Recent developments in the analysis of panel data 1
|Convenor||Dr Klaus Pforr (GESIS – Leibniz-Institute for the Social Sciences )|
|Coordinator 1||Professor Josef Brüderl (Department of Sociology, University of Munich)|
|Coordinator 2||Dr Jette Schröder (GESIS – Leibniz-Institute for the Social Sciences)|
This presentation compares the technical and substantial differences of logisitic panel regression and discrete event history analysis in the social sciences. From these differences, we derive certain strategies for empirical practioners to make accurate and functional decions between these two methods in different research situations. We illustrate our suggestions by a research example based on the Socio-Economic Panel Study (SOEP), analyzing the impact of employment status on cohabiting in early adulthood. We perform this analysis in both analytical frameworks and discuss the surprising differences in results.
Many social scientists turn to panel data for resolving questions of causal ordering. But conventional panel models rely on the assumption of strict exogeneity, which rules out reverse causality. While this assumption can be relaxed in some circumstances, alternative model may also yield biased estimates if the lags between panel waves do not match the actual causal lags of the process under study. Using a substantive example with real data, I compare results obtained by different panel models and discuss the plausibility of the underlying assumptions of these models.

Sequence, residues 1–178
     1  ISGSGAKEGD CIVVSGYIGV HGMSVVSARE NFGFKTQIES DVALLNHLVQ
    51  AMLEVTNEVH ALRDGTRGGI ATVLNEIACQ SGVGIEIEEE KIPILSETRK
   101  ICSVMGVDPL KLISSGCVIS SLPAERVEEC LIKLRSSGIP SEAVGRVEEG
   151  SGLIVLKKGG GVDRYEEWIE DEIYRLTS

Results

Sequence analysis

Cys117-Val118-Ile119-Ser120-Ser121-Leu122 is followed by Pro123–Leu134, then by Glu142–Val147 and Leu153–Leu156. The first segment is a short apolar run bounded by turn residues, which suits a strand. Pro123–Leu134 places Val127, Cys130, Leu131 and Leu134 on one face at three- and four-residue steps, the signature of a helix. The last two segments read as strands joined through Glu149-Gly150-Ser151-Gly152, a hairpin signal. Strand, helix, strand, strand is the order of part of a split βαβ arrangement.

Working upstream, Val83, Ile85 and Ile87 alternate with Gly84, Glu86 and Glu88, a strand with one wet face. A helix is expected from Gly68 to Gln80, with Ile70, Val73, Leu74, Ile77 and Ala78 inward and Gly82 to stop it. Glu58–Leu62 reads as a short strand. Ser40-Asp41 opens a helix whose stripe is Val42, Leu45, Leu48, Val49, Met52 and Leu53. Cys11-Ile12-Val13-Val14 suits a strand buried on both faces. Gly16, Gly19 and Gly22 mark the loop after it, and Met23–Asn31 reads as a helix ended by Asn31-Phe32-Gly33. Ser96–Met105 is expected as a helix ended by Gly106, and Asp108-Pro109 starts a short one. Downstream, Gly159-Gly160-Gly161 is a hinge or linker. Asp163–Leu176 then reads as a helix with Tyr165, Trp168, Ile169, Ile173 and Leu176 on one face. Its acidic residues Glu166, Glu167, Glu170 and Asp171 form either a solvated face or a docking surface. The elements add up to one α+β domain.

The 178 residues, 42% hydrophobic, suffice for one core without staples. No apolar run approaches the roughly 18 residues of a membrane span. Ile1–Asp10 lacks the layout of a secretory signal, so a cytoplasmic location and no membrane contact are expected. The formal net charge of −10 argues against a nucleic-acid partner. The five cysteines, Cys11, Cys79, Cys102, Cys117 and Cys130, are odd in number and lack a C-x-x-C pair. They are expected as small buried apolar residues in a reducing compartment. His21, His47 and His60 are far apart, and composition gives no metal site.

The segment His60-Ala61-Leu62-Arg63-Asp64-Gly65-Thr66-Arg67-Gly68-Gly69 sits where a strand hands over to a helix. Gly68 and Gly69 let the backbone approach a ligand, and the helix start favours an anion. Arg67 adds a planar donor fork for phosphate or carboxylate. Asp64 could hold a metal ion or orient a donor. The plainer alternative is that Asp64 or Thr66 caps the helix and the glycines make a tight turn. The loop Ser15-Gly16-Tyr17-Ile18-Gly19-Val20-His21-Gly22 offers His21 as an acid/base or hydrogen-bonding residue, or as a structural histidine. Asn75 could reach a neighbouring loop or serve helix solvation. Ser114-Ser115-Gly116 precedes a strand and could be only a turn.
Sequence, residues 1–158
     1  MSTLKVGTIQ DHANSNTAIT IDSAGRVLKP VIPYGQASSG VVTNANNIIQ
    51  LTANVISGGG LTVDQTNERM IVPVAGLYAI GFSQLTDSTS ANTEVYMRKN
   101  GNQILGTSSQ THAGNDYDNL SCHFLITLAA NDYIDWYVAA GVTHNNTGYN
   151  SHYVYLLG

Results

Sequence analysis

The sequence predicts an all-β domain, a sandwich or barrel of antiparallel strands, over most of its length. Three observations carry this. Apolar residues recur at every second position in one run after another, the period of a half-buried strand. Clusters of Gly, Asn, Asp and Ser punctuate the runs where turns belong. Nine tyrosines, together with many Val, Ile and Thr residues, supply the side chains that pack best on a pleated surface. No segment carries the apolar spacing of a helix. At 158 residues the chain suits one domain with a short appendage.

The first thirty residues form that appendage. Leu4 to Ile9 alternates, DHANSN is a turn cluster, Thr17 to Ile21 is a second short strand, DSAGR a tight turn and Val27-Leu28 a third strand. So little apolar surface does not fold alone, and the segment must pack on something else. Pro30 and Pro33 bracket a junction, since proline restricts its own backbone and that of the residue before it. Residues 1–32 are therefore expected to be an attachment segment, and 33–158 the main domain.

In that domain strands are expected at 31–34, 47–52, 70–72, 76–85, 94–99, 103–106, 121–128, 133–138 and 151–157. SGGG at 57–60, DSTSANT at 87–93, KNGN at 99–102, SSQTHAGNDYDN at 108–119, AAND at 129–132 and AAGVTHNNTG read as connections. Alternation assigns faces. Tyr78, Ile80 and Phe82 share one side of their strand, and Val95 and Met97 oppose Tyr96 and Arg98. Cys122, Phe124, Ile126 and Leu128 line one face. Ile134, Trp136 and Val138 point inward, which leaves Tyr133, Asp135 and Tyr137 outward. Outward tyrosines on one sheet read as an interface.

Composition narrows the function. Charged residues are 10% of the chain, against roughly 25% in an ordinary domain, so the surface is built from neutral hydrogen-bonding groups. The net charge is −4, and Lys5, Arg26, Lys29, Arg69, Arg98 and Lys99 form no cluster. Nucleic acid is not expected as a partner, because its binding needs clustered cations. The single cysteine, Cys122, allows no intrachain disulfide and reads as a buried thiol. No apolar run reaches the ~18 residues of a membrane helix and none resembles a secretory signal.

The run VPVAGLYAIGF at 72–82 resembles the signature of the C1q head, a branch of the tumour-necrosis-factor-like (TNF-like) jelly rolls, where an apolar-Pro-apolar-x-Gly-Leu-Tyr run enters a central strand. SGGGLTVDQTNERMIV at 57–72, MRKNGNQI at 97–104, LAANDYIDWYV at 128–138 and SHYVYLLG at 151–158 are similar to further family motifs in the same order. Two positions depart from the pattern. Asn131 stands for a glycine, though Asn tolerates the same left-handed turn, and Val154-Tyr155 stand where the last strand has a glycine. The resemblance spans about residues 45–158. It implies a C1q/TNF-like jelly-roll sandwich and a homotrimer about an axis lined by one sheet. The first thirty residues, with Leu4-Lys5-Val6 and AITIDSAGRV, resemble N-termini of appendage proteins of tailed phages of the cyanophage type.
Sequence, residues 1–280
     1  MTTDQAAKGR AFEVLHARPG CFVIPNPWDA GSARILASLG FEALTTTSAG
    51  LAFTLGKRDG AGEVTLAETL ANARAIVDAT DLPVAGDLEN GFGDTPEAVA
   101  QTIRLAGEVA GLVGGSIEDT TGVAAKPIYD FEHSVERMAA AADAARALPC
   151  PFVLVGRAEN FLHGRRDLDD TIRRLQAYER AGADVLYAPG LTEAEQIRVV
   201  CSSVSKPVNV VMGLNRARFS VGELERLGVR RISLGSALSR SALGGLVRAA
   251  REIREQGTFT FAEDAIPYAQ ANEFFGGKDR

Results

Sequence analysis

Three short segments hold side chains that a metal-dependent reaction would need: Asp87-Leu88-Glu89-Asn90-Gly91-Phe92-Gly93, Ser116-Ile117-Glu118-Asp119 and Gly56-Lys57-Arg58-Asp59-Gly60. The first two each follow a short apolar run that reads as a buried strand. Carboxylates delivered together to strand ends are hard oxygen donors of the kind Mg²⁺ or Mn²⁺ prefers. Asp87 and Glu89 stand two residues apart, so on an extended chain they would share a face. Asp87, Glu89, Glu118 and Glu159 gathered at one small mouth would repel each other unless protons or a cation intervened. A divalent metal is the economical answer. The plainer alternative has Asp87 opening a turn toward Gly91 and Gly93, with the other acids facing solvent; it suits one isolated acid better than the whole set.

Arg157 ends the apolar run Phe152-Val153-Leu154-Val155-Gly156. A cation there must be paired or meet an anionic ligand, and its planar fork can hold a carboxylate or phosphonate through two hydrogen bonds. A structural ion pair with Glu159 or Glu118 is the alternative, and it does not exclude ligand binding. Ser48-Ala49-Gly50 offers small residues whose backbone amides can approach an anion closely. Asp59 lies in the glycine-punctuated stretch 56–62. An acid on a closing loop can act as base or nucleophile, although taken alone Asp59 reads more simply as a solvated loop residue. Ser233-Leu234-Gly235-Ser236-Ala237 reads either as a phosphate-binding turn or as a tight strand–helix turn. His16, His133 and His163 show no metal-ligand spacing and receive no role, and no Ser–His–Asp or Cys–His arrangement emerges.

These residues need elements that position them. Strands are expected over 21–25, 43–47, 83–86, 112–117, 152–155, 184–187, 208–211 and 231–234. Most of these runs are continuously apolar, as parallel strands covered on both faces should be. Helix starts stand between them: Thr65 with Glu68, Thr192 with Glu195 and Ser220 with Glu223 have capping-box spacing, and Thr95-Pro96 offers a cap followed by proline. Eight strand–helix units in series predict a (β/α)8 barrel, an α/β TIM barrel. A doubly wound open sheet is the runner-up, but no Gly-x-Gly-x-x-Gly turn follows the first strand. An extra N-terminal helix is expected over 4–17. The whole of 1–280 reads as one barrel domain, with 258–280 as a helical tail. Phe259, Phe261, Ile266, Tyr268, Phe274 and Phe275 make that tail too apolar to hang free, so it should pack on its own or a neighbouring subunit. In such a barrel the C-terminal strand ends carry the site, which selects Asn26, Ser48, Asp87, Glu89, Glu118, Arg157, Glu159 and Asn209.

Estimation of the effect of parenthood on real-life outcomes, such a life satisfaction, is challenging due to (1) selection, (2) heterogeneity of the effects, and (3) the outcomes changing with the ages of children. This paper uses 14 waves of the Swiss Household Panel and fixed-effect models to estimate the effect of parenthood on life satisfaction. We discuss the consequences of methodological choices involved, including the choice of the sample, coding of independent variable, choice of the reference category, and functional form of relationship.
This work develops a hidden Markov latent variable model for analyzing multivariate longitudinal data. To reveal the dynamic patterns and possible heterogeneity of the associations and interrelationships among longitudinal observed and latent variables, a mixed hidden Markov model is introduced to model the transition probabilities across different latent states. We develop sound statistical methods to perform parameter estimation, hypothesis testing, and model selection. We conduct simulation studies to assess the empirical performance of the proposed methodologies and apply the model to a longitudinal study of cocaine use. Important insights into effective prevention of cocaine use are obtained.